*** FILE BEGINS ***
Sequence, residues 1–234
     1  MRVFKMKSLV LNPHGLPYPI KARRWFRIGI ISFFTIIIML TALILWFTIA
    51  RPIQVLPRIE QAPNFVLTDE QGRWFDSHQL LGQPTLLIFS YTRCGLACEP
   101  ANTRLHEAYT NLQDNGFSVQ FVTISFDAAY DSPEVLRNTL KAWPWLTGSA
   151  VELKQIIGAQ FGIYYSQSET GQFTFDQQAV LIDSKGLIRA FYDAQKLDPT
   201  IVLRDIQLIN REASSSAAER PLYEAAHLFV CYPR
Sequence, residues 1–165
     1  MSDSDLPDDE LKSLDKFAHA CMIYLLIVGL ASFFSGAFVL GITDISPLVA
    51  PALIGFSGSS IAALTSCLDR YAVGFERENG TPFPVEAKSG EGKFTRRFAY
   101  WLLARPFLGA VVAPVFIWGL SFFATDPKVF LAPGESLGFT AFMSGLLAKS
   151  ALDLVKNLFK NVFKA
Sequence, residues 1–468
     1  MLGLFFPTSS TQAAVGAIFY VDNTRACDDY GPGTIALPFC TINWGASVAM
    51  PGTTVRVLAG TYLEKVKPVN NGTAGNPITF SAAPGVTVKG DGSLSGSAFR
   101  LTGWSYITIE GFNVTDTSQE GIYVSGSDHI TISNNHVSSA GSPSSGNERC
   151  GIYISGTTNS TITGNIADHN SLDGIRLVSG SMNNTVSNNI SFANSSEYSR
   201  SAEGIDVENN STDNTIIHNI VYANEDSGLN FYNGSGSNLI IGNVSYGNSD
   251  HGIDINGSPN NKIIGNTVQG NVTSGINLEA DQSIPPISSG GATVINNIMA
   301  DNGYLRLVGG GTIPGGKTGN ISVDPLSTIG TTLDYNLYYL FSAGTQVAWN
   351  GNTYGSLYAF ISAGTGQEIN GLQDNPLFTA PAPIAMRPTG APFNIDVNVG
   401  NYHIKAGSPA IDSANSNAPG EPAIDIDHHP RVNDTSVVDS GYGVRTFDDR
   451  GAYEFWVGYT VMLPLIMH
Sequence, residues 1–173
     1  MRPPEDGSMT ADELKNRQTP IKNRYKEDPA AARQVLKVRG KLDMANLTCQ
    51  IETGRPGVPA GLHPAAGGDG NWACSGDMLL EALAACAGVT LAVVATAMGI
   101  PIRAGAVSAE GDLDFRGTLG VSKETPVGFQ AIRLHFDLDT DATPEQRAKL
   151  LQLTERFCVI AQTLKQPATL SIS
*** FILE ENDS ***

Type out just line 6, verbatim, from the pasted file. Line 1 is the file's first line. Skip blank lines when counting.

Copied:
   201  IVLRDIQLIN REASSSAAER PLYEAAHLFV CYPR